Part 173- Money

Part 173- Money

 Guess what Ireland’s famous for. Apple. Yeah, no seriously. I’m not joking. Up until like last Thursday I was sure Ireland was mainly known for it’s landscape and Irish whiskey and shamrocks. We’re adding Apple to the list now. Apple’s main headquarters are in Cupertino, California. Which now explains why I have Cupertino’s time zone on my phone despite it not being on the list. (The dots finally have connected.) Anyways, the main focus is on Apple’s other headquarters. The European headquarters.

Apple’s European headquarters are located  in Holly Hill, Co Cork in Ireland. I assure you there is something very important regarding why Apple chose to have it’s headquarters there, but before I explain, let’s go over basics. 

  • Shell Companies
  • Money Laundering
  • Cayman Islands/Swiss Accounts
  • Tax Avoidance
  • Panama Papers
So, shell companies. They are similar to what they sound like as they ARE shells of companies. They are pretty much like an empty shell. 
There’s nothing inside. It’s a firm with no current business activity or significant assets. Shell companies aren’t necessary illegal, but are sometimes used illegitimately for  reasons such as disguising business ownership from law enforcement or the public. But legitimately, they can be used to store a company’s money it’s raising before it launches, or for security reasons such as working in an unsafe region or country. 
When used illegitimately, shell companies are usually used during money laundering. Money laundering is pretty much just “laundering” money made through criminal activity like drug trafficking or terrorist funding,  in order to make it look clean. This money is, well, dirty, so so it needs to be laundered before it can actually be used. This is to make sure the money can be used effectively, and so there is no suspicion when using it. There are three parts in money laundering: placement, layering, and integration. The first, placement, comes from the need to deposit the money in legitimate financial institutions. The only way to do so is if it comes from legitimate sources, so often a business owned by the criminal organization is used. For example, a restaurant may inflate the receipts to funnel illegal cash through the restaurant and into the restaurant’s bank account. The next is layering. Layering consists of concealing the money through a series of transactions. This is to make it difficult to trace the original source. Layering is often done through chain-hopping which is the act of converting one cryptocurrency into another moving from one blockchain to another, mixing/tumbling which is the act of blending various transactions across several exchanges, or cycling. (More can be found at these links: and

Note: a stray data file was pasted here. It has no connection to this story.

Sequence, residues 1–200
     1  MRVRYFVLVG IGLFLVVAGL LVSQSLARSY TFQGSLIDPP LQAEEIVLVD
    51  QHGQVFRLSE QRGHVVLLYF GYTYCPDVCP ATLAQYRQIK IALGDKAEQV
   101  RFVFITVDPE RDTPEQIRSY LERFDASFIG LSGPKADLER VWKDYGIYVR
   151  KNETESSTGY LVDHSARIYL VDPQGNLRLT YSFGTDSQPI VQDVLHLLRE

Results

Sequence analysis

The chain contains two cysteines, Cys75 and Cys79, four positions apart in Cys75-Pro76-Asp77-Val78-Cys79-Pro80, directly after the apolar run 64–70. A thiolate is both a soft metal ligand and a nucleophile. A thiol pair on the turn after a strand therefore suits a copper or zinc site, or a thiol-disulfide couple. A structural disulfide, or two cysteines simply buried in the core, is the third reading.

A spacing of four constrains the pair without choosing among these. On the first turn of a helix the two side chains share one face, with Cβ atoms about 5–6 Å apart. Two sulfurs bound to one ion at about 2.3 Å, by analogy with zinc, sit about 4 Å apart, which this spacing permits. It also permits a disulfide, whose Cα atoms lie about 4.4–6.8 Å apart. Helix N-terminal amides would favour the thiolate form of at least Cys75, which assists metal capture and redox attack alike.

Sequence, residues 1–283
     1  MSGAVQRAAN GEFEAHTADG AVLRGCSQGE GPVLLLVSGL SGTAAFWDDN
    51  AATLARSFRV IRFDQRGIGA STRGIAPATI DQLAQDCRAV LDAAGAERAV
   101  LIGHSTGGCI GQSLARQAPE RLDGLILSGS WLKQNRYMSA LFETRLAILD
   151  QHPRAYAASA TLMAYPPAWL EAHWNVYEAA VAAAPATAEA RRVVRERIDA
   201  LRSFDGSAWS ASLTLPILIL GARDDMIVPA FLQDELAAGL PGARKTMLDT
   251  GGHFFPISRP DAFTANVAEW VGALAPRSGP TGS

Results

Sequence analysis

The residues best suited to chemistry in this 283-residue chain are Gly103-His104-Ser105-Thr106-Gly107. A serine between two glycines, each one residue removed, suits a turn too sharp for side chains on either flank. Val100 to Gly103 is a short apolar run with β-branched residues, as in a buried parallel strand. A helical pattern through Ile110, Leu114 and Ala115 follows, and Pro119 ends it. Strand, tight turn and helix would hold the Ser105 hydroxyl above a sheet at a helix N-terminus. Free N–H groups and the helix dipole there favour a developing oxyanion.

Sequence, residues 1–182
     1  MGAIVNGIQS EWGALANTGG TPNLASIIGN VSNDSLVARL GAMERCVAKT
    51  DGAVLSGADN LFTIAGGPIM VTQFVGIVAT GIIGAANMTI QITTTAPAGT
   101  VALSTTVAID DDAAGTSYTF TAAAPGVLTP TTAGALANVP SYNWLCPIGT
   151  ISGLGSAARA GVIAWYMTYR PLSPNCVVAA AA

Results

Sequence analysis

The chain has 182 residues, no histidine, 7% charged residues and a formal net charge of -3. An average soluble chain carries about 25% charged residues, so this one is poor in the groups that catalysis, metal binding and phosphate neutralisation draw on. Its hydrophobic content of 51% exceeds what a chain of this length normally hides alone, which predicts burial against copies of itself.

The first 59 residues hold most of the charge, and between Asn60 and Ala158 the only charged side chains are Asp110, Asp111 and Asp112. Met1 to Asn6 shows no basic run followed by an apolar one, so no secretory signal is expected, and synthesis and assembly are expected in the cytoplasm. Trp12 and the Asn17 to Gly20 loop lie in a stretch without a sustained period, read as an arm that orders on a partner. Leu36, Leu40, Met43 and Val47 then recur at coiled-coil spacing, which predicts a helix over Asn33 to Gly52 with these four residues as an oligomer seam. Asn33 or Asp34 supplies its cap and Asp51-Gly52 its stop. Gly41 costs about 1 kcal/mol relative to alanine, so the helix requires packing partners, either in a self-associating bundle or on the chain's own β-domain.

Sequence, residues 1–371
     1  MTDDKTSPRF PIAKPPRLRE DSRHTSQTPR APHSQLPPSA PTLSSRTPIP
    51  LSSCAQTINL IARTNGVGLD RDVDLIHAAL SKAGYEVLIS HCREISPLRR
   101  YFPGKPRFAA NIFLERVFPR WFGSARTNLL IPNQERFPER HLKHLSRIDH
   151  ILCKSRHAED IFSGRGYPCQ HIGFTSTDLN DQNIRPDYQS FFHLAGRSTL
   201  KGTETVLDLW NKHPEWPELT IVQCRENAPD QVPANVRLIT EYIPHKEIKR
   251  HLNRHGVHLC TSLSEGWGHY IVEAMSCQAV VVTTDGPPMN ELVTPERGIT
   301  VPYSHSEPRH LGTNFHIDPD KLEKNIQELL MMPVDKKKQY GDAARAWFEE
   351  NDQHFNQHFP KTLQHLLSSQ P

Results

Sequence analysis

Not only that, shell companies can be used for tax avoidance. Tax avoidance is an action taken to lessen tax liability and maximize after-tax income. Simply put, finding a way to avoid paying taxes in a legal manner.  The best way to do so is setting up a shell company in a tax haven.